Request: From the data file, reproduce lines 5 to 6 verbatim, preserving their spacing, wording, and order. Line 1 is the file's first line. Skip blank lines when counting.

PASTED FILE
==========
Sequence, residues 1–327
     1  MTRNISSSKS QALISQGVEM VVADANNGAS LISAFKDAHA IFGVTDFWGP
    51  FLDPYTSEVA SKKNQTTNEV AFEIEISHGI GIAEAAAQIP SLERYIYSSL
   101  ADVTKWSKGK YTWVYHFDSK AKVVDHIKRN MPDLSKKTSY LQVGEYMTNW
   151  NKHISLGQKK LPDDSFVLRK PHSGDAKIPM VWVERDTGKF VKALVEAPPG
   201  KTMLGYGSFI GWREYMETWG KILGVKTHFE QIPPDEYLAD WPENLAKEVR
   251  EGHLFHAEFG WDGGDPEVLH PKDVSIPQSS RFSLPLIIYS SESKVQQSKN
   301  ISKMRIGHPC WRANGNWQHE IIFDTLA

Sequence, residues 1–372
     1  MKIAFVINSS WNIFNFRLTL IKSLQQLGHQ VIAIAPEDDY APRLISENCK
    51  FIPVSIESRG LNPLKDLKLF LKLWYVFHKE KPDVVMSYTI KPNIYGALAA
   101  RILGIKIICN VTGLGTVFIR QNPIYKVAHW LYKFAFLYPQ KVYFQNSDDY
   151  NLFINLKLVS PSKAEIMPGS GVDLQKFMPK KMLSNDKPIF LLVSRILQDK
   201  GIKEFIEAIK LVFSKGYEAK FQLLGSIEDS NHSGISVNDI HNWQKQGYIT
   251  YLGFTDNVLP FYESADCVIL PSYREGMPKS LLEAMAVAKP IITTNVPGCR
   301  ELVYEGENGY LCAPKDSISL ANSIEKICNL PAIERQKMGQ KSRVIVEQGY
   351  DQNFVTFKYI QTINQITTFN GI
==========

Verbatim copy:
   151  NKHISLGQKK LPDDSFVLRK PHSGDAKIPM VWVERDTGKF VKALVEAPPG
   201  KTMLGYGSFI GWREYMETWG KILGVKTHFE QIPPDEYLAD WPENLAKEVR